Apple will begin preliminary builds of the successor to the iPhone 5 in March, setting up for an earlier-than-expected debut in June or July, according to a new report.
Jefferies analyst Peter Misek said in a note to investors this week that two future iPhone prototypes are currently testing. At least one of these is said to be a so-called "iPhone 5S," while the other could be Apple's rumored low-cost iPhone.
Misek previously predicted in December that Apple will launch an incremental upgrade to the iPhone 5 this summer. He also believes the company's next-generation iPhone, referred to as an "iPhone 6," will sport a larger 4.8-inch display.
As word of the "iPhone 5S" production begins to spread, Misek expects there to be a slight slowing of demand for the iPhone 5.
He expects Apple to sell 44 million iPhones in the current March quarter â a number he noted is "still well above" recent concerns that shipments might be in the mid-30-million range.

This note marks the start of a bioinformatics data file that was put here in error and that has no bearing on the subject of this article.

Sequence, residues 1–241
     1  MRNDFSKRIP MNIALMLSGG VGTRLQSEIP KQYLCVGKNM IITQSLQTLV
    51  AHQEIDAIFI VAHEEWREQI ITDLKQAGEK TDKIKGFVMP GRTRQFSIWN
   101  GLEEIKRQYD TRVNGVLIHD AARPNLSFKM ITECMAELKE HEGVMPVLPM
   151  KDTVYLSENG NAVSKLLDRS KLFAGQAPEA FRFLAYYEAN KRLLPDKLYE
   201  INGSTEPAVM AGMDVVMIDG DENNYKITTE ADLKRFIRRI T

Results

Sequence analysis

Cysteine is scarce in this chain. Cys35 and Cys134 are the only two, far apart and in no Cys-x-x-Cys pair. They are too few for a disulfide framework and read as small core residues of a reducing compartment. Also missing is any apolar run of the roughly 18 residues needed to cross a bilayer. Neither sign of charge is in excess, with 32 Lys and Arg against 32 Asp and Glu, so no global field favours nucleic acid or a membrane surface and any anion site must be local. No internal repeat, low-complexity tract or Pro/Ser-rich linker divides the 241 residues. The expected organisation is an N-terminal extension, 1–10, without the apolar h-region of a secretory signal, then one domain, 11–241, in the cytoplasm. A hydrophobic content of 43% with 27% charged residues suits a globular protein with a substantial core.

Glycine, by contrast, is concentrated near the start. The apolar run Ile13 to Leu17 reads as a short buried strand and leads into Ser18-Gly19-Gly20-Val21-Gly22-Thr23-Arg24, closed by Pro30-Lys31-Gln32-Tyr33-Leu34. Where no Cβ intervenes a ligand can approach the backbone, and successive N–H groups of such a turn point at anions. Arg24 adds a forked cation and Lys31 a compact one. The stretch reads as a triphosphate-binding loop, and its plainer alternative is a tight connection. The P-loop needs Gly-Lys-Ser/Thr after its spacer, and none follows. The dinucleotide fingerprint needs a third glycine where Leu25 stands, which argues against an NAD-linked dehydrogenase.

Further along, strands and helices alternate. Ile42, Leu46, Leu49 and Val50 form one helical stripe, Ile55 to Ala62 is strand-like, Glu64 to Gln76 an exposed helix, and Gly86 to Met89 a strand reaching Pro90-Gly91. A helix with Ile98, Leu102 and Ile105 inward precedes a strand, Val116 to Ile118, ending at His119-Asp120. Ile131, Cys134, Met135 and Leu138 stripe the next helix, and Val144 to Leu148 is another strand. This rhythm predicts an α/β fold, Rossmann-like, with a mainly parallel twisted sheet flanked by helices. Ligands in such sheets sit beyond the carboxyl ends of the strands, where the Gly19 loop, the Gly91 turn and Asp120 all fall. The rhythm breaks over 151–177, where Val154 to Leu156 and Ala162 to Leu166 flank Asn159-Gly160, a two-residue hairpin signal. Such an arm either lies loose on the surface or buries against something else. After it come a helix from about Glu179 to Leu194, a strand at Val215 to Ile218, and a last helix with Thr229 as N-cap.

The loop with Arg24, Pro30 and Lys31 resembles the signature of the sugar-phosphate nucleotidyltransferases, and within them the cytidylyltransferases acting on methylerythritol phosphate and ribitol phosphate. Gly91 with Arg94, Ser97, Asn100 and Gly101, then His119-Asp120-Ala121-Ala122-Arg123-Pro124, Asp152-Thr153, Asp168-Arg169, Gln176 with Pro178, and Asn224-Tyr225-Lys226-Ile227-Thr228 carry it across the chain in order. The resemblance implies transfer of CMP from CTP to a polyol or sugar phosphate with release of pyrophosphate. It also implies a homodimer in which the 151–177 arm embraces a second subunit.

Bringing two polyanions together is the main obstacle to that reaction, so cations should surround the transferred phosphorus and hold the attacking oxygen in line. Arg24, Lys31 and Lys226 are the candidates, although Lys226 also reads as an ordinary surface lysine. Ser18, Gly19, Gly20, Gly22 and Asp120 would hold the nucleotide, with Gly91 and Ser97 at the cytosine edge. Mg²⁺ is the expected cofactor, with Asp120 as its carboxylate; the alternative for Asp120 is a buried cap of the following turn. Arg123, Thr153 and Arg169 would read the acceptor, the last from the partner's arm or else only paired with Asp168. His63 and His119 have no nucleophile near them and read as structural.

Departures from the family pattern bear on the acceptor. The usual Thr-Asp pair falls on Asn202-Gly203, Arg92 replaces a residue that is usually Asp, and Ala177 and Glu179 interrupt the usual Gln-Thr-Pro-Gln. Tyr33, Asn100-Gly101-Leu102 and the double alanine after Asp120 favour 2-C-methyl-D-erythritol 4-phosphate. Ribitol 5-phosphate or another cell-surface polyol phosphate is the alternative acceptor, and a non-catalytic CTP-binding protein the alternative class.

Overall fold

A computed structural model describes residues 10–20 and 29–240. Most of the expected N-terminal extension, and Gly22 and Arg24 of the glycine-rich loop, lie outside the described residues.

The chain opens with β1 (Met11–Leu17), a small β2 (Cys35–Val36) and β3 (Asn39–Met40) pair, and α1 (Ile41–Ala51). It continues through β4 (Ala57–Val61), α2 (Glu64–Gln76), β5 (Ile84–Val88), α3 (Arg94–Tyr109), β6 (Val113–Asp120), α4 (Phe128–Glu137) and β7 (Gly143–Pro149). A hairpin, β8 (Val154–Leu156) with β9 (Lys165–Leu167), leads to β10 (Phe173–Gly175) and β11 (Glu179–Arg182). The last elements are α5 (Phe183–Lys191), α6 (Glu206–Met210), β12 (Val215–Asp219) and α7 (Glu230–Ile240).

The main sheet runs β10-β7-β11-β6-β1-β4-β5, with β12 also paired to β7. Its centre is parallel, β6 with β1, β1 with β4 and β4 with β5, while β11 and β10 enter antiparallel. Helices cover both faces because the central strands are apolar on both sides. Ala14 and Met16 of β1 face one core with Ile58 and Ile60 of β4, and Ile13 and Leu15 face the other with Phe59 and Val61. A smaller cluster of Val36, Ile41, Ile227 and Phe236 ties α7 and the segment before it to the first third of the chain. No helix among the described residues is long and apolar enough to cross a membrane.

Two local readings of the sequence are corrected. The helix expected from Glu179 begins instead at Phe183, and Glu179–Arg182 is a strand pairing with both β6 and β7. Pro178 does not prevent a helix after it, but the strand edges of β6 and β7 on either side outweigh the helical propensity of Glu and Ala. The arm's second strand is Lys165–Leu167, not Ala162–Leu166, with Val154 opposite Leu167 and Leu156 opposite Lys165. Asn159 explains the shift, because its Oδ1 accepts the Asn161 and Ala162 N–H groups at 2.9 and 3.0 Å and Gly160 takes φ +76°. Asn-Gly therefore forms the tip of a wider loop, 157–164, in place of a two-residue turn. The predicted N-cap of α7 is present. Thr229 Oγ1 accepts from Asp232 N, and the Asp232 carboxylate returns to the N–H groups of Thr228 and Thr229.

Like some other analysts, Misek believes an apparent decline in iPhone 5 component orders from Apple is not related to significantly reduced demand for the popular handset. Instead, he believes the order cuts are related to three factors:
- An assembly bottleneck that caused component inventories to rise in the holiday quarter.
- Planning for preliminary production of the next iPhone in March.
- Demand may be either in line or "slightly below optimistic expectations," Misek believes.
While Misek expects Apple's next iPhone to launch sooner than expected in the June-July timeframe, he also believes Apple is separately planning a low-cost iPhone that would be geared toward emerging markets like China. Such a device may already have been greenlit, he said.
"Similar to the iPad mini, we expect a concentrated low-cost iPhone rather than a 'cheap' one," he said. "Likely specs: polycarbonate case with 4" non-Retina display and no LTE."
In his view, a less expensive iPhone would increase Apple's smartphone market share, but would also decrease the company's gross margins. He does not expect the rumored product to have much of an effect on the company's earnings per share.